Even if your electrician checked the existing outlet for the mains connection, he could make a mistake, and you will pay for it! So if you need an outlet (which is a good idea, since you probably don’t want doors and windows open during a power outage), get an electrician to install one.

This outlet will be an inlet (or male receptacle) on the outside and all you have to do is use a regular generator plug or extension to use it. Once again, if you find a female receptacle in your garage (and even if you remember to turn the main power OFF while using your generator with a suicide cord) it is still unlawful and very dangerous to use!

Transfer switches

National Electric Code, paragraph 700-6 states:

“Transfer equipment shall be designed and installed to prevent the inadvertent interconnection of normal and emergency sources of supply in any operation of the transfer equipment. Automatic transfer switches shall be electrically operated and mechanically held.”

Source (PDF file)

The transfer switch should break the electrical connection with commercial power lines before allowing the power to flow through generator wires. When regular service is restored, the switch will also prevent utility electricity from harming the generator.

What Amperage Should You Use for Your Transfer Switch? Transfer switches are rated in “amp ratings”, which basically means the number of amps it can handle. A transfer switch that can handle 30 amps, for example, is referred to as a size 30 transfer switch.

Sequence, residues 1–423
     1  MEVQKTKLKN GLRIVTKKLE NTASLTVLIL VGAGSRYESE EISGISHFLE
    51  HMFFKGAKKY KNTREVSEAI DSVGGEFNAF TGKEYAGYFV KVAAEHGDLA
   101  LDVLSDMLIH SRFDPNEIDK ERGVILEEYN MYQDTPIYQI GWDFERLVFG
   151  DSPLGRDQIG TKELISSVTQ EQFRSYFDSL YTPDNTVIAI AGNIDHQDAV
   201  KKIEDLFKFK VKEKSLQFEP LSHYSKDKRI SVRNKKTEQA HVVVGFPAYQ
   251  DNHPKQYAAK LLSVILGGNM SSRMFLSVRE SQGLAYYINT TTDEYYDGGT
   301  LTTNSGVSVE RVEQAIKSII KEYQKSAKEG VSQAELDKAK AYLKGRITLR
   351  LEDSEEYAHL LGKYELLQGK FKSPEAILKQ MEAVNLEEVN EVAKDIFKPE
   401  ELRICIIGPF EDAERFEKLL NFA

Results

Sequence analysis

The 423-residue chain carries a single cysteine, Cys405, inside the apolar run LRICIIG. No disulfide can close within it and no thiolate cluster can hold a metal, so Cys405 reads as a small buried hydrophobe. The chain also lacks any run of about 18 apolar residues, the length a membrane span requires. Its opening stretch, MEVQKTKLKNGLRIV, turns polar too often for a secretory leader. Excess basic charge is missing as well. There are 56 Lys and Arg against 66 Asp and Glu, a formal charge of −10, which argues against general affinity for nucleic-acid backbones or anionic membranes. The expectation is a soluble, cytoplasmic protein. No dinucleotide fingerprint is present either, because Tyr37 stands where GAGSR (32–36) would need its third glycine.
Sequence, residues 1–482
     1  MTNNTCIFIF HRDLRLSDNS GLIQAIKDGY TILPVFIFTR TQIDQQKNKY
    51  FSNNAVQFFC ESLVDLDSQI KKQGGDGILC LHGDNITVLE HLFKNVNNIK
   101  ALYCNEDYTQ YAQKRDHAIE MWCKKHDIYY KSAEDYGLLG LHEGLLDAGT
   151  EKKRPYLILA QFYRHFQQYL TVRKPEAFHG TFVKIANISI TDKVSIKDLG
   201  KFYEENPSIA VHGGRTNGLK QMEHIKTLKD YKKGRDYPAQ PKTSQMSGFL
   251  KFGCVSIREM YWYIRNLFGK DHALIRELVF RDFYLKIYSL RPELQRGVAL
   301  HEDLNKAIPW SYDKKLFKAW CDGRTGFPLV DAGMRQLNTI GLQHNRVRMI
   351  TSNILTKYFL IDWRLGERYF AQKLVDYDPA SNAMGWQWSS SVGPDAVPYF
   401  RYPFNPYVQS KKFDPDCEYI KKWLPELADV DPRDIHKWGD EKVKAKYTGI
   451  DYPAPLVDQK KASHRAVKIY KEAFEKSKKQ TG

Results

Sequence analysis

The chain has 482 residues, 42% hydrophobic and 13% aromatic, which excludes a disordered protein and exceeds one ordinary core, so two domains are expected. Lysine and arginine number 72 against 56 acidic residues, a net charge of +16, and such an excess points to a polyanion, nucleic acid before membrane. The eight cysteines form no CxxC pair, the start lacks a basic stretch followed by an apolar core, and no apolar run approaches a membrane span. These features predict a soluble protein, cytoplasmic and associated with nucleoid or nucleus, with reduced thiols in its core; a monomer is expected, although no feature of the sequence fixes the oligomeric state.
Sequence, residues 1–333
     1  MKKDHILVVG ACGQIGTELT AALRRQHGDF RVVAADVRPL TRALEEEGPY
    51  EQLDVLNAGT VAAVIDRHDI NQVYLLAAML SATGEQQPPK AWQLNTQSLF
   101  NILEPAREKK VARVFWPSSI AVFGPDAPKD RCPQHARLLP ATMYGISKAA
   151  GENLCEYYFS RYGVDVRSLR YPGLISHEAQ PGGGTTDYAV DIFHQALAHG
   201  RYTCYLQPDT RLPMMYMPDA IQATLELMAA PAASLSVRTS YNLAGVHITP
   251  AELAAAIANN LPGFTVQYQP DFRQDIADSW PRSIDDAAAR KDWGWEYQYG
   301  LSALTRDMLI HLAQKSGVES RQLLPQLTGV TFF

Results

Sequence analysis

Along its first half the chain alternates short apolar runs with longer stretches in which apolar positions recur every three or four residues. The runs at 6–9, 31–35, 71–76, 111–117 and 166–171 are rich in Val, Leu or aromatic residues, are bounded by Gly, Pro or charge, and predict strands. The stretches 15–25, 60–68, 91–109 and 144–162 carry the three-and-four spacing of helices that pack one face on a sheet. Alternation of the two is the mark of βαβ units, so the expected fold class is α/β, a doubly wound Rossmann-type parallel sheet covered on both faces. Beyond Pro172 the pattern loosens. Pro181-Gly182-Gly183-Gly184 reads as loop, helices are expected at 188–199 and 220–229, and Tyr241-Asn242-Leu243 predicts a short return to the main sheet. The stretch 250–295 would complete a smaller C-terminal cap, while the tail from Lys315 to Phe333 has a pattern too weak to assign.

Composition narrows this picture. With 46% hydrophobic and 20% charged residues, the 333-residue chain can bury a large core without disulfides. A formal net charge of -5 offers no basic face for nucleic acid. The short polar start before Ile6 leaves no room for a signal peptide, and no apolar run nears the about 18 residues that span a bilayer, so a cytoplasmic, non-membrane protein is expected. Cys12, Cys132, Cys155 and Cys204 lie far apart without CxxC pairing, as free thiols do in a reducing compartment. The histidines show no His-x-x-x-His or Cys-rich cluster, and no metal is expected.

The simplest method to figure out the needed transfer switch rating, all you have to do is look at the outlet on your generator. If your generator’s biggest outlet is 30 amps, get a 30-amp transfer switch. If it’s 50-amps, get a 50-amp transfer switch.

“Transfer switch should be sized the same or higher rating than the primary overcurrent protection.”

Transfer switches can be automatic:

Or manual:

Always seek the advice of a certified and experienced electrician and adhere to all applicable construction and electrical codes. Have a professional install a transfer switch as code requires, and then plug a generator into it.

Interlocking switch

Having a sub-panel that gets electricity from either the main panel or a generator and installing an interlocking switch is another possible safe option for connecting your generator. In this case, the interlocking switch would prevent both of mains and generator from being used at exactly the same time.

All you have to do is install an appropriate breaker in the main panel that will feed the sub-panel (the wiring size is determined by the load size). Then, install two appropriate size breakers and the means of isolating them (or an interlocking kit ) in the sub-panel, with one getting power from the main panel and another – from the generator.

There are many different interlocking setups variations available:

Here is another one:

And another one:

When a generator is in use, this setup will NOT allow the backfeed into utilities or the generator when the power comes back. Since you probably will not use your generator (especially portable) to power your whole house, install breakers in the sub-panel for circuits that will be powered by the generator.

As you see, it is not complicated to set up your generator correctly in order to avoid costly and dangerous mistakes. Don’t forget that the permit is needed to install a transfer switch, so get professional assistance.

Click on the white button above to find your electrician!